The axial periodicities in the muscles did not change as the muscle‘s length was changed (as required by the sliding filament model).
The volume of the muscle lattice stayed more or less constant as the sarcomere length was changed (confirming an earlier suggestion by Hugh Huxley).
The intensity of part of the equatorial X-ray pattern, namely the (1,1) peak, gradually reduced as the sarcomere length increased, consistent with the actin filaments being gradually withdrawn from the hexagonal A-band lattice in vertebrate muscles, once again as required in the sliding filament model.
Parts of the diffraction patterns ascribed to actin and myosin filaments had different axial spacings in patterns from vertebrate skeletal muscles, and also from molluscan muscles, but the axial spacings of the myosin and actin filaments appeared similar or related in patterns from insect flight muscle.
Having carried out these successful studies of resting or rigor muscles, Gerald then wanted to study actively contracting muscle in a time-resolved way and was very ingenious in using the available X-ray generator to best advantage. X-rays are produced in conventional X-ray generators by bombarding a metal target (the anode) with a beam of high-speed electrons from a heated filament, the whole system being encased in an evacuated chamber with Beryllium windows through which the X-rays can pass. The problem with this method is that most of the energy of the electrons appears as heat in the water-cooled target and if the electron beam current is too high the anode will melt. How to get a more intense X-ray beam without melting the anode? Gerald remembered a story he had heard from a much-decorated REME instructor “who had told me how he had driven a damaged truck without a cooling system out of the firing line in Normandy. ‘It meant I had to replace the engine’ the instructor said’ but at least I could do it without the b******s shooting at me.’ What Gerald did was to run the generator at 3 mA, rather than the normal 400 μA, but only for a short time. The anode would melt if the system was run at 3 mA for more than 2 s, so he ran the experiment for a second or so and then turned the electron beam off. After a while this could be repeated in a ‘stroboscopic’ experiment so that enough diffracted intensity from an active muscle could be built up over time. To do these experiments in the early 1960s, after Roy Worthington had departed for a job in America, Gerald collaborated with the physiologist Jack Lowy (the one who with Jean Hanson also visualised the actin filament helix for the first time in around (Hanson and Lowy 1963). Gerald was later joined by Barry Millman, a Canadian who had finished his PhD on the physiology of molluscan muscles with Jack, and together Gerald and Barry worked on molluscan and vertebrate muscles in the contracting state. So by the mid-1960s Gerald and his collaborators were ready to publish their findings on active vertebrate striated muscle. Meanwhile Hugh Huxley in Cambridge had been following up his own earlier work on the X-ray diffraction of vertebrate muscle with similar time-resolved studies of the active state. After some negotiations between King’s and Cambridge it was agreed that the two papers would be published back to back in Nature (see detailed comments on the history of this in Elliott 2007a, b).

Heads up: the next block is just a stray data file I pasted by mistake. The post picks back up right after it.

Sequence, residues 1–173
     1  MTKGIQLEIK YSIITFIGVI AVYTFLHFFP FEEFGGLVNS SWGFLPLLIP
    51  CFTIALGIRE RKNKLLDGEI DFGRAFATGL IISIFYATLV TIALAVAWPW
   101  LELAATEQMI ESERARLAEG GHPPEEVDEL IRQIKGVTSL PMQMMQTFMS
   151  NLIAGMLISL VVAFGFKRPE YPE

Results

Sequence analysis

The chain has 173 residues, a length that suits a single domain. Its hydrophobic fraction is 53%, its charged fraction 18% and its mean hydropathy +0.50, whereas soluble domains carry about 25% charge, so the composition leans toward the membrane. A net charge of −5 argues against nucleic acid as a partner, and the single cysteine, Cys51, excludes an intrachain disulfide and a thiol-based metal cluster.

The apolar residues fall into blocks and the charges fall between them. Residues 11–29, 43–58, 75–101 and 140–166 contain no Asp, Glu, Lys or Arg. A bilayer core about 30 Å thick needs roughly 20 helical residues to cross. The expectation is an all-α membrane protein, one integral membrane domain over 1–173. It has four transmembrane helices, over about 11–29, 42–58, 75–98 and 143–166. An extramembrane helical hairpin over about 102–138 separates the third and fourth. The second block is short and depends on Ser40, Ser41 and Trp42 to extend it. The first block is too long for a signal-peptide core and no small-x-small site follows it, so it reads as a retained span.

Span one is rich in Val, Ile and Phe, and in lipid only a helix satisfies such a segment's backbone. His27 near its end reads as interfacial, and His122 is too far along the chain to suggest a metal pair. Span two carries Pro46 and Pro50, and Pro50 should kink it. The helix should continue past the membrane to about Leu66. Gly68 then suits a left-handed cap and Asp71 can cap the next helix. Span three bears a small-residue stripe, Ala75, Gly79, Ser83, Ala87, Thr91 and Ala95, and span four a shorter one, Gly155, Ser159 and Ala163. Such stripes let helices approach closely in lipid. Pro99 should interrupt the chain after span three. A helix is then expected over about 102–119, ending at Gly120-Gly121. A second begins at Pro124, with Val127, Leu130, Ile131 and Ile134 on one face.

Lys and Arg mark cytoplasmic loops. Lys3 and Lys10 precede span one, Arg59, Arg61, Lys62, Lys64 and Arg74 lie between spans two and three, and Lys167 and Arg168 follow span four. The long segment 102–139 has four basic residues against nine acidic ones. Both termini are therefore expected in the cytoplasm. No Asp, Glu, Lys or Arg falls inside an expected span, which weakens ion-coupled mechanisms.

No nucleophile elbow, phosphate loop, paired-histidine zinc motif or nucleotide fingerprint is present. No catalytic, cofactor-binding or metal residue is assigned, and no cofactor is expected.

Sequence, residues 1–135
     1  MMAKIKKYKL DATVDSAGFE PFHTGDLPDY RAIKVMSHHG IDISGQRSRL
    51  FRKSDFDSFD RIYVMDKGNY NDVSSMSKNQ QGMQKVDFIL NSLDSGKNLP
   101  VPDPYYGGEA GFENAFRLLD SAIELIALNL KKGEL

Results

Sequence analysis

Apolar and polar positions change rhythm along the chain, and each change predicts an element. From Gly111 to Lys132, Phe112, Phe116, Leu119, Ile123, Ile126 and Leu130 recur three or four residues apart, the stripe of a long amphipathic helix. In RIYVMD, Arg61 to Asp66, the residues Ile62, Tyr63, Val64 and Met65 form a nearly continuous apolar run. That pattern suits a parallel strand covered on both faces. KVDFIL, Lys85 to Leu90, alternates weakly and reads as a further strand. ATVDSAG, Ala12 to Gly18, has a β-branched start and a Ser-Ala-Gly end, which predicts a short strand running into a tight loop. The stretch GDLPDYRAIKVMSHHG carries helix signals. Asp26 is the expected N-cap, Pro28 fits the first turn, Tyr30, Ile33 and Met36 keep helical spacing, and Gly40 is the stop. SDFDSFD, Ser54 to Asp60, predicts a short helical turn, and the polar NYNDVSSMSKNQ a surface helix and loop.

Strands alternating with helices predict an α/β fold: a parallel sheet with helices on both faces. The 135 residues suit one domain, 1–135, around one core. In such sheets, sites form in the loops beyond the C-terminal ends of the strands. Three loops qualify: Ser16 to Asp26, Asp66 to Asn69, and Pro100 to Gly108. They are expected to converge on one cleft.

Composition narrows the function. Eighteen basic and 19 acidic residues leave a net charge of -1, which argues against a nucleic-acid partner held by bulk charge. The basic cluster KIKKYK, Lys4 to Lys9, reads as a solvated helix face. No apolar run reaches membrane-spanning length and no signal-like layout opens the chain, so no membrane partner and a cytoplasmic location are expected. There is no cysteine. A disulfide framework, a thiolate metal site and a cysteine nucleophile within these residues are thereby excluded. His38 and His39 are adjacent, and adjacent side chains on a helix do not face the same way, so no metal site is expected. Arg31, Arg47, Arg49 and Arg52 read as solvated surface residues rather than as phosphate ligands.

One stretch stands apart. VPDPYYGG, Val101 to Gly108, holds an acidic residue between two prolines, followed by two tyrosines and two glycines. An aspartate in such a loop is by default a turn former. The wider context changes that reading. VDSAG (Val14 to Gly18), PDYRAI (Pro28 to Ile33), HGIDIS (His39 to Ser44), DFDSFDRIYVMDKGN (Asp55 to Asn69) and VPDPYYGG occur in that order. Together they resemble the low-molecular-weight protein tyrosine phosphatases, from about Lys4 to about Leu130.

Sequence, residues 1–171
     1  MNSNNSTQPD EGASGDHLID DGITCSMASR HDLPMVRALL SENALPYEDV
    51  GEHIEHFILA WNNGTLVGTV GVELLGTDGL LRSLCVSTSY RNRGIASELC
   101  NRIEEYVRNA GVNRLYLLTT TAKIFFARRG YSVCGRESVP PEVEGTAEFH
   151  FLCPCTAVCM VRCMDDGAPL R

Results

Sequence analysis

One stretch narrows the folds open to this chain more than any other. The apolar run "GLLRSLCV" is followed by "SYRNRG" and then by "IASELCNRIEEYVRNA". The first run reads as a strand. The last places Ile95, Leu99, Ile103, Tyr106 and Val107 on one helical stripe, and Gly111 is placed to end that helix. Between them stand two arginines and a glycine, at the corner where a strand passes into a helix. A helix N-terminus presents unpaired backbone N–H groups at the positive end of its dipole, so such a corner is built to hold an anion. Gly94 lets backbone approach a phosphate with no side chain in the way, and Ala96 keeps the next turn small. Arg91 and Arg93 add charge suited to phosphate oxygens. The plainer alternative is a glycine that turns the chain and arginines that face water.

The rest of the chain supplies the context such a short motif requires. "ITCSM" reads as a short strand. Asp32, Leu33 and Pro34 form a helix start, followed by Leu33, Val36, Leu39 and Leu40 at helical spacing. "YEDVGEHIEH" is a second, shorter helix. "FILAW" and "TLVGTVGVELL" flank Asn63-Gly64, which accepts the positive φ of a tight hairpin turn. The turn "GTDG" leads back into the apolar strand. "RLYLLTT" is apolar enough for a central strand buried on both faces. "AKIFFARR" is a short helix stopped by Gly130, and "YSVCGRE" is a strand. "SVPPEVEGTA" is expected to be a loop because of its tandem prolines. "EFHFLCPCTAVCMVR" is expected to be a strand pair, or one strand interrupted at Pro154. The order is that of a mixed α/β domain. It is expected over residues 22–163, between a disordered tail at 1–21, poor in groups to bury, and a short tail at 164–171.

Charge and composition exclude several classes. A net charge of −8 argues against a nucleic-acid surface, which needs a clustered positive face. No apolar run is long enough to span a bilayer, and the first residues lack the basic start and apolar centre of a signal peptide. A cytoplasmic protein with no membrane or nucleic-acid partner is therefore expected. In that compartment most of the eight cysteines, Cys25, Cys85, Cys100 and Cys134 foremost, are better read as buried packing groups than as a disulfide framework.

The two 1965 Nature papers (Elliott et al. 1965; Huxley et al. 1965) were both milestones, being the first X-ray diffraction papers on active vertebrate striated muscle. They showed clearly that: (i) the filament axial spacings did not change significantly between relaxation and full activity, (ii) that the equatorial (1,1) reflection became much stronger in patterns from active muscle relative to the (1,0) reflection, consistent with increase of mass at the actin filament positions (Gerald’s team only), (iii) that the layer-lines from the myosin filaments, apart from those with intensity on the meridian, reduced in intensity when the muscle was active, indicating the movement of myosin cross-bridges and (iv) that the lattice spacing between myosin filaments changed with sarcomere length in the same sort of way in both resting and active muscle (as required for constant volume), although the active spacing was slightly smaller than the relaxed spacing (Gerald’s team only).